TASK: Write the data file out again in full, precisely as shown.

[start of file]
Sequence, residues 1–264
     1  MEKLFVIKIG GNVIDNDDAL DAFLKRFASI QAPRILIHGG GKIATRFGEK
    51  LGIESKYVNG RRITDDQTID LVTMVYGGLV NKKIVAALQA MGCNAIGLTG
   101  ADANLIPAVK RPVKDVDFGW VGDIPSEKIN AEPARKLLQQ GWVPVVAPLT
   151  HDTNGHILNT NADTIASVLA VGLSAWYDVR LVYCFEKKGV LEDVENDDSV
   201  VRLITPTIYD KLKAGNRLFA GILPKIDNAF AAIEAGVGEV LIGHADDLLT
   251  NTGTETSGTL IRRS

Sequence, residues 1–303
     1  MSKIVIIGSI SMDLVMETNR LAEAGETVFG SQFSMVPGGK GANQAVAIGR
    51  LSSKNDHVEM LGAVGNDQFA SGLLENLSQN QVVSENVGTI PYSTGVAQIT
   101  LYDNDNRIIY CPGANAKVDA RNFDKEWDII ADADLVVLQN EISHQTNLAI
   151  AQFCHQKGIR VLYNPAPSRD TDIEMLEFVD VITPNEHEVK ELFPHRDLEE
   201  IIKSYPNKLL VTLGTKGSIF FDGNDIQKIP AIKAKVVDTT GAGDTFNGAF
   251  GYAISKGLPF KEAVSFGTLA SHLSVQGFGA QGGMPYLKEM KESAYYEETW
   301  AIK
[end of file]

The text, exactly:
Sequence, residues 1–264
     1  MEKLFVIKIG GNVIDNDDAL DAFLKRFASI QAPRILIHGG GKIATRFGEK
    51  LGIESKYVNG RRITDDQTID LVTMVYGGLV NKKIVAALQA MGCNAIGLTG
   101  ADANLIPAVK RPVKDVDFGW VGDIPSEKIN AEPARKLLQQ GWVPVVAPLT
   151  HDTNGHILNT NADTIASVLA VGLSAWYDVR LVYCFEKKGV LEDVENDDSV
   201  VRLITPTIYD KLKAGNRLFA GILPKIDNAF AAIEAGVGEV LIGHADDLLT
   251  NTGTETSGTL IRRS

Sequence, residues 1–303
     1  MSKIVIIGSI SMDLVMETNR LAEAGETVFG SQFSMVPGGK GANQAVAIGR
    51  LSSKNDHVEM LGAVGNDQFA SGLLENLSQN QVVSENVGTI PYSTGVAQIT
   101  LYDNDNRIIY CPGANAKVDA RNFDKEWDII ADADLVVLQN EISHQTNLAI
   151  AQFCHQKGIR VLYNPAPSRD TDIEMLEFVD VITPNEHEVK ELFPHRDLEE
   201  IIKSYPNKLL VTLGTKGSIF FDGNDIQKIP AIKAKVVDTT GAGDTFNGAF
   251  GYAISKGLPF KEAVSFGTLA SHLSVQGFGA QGGMPYLKEM KESAYYEETW
   301  AIK